The sun has risen over Sydney. I am in a warehouse sitting on concrete accompanied by an ashtray and a bottle of wine. Everyone here is an uninvited guest on this land. I have sat here for eight hours answering questions and letting people talk out their confusion and guilt. I look around. Someone is asleep on the floor. A group is dancing and swapping clothes. Everybody took drugs except me. Whoops. I am being flown to London tomorrow. I end up having parallel dimension variants of the exact same conversation from Ealing to Barking. Europe feels heavy.

Work sends me to Perth. I have 72 hours. Outside of business hours my time is my business. I have one name and a phone number. An Elder, our cousin. She wants to meet in a neutral place. She is the keeper of all the family knowledge. Over a coffee she is cautious. The meeting lasts less than an hour. She wants to reassure but I can tell she will step no further. I can see her pain, why she hesitates. She knows who I am. I am one of the ones who left and didn’t look back.

I realise I am there for the wrong reasons. Looking for something she can’t give me.

Pieces of information begin floating up from the depths. A colleague has seen the shepherd’s name on a monument in Fremantle. Another has identified a relative wrapped up in a murder mystery on a family’s farm. One colleague from out west insists on giving you a new language word to use in a sentence every time you meet. An uncle recalls playing basketball with your cousins in the 70s. An Aunt confirms. In Brisbane you are invited to sing new friends home safely with your countrymen. The words are new but familiar. Your sister now a midwife herself, is flown in for a fleeting visit and finds more hidden threads of connection. A new friend and I are having cup of tea at a conference ‘We don’t eat our own, our mob.” she says. We have the same hair.

I plunge into water, it comes up to my hips, waist, collarbones. Warm, clear, pure turquoise sheltered by palm trees and pandanus. A chalky residue lies at the bottom. The gentle current pushes me around a bend. An oasis in red desert. The sign says the water has spent aeons slowly pushing through limestone to bubble up here. The nearby town of Birdum ceased to exist soon after the war. I know he has been here. Often. We swim. We talk. The north is a respite from a lifetime of juggling two sets of obligations and ambitions. A place to cut the noise and find clarity. I am the second in my family to live in Darwin.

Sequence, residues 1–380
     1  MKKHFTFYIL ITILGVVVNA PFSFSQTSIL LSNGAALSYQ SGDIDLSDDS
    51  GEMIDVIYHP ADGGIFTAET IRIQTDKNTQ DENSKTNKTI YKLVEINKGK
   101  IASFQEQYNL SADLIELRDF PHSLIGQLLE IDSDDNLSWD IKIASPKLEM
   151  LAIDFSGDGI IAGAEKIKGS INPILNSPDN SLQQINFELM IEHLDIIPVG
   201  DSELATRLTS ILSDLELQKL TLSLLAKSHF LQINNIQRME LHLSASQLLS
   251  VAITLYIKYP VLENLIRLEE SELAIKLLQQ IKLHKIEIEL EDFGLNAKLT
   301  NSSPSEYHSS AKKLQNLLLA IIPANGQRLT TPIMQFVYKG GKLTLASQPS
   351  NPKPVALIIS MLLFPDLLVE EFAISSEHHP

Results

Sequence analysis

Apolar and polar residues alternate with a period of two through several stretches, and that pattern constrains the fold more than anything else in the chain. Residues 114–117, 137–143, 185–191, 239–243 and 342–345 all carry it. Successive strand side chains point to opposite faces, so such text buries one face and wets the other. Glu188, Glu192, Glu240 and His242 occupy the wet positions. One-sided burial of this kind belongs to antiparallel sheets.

We all have more in common than we think. A colony wasn’t built in a day: it needs labour, preferably cheap and motivated only to serving a master. The mess is the point. The grief and confusion is the point. The displacement is the point. The gap between the wealthy and the powerless is the point. Being preoccupied by chasing goals that are beside the point… is the point. We are all kept fearful and separated, carrying a wound so old we can’t quite understand.  It is the absence of connection. It is impossible to achieve or buy your way to healing. All of us have kin, ancestry, a spirit and a community. A place to begin the cycle of reaching out and reciprocating. Where safety and wellbeing are be collectively built. Breathtaking resilience is a communal discipline. Nurture your generosity. Nurture your curiosity. Listen. Stay. There is something here to fight for. This place cannot wait for you forever.

Erica is a Ballardong Noongar woman with Irish Convict, Scottish and Cornish heritage. A producer, curator and mentor, her Next Wave 2018 keynote project Ritual won a Green Room Award for Innovation in Curatorial Contribution & Programming.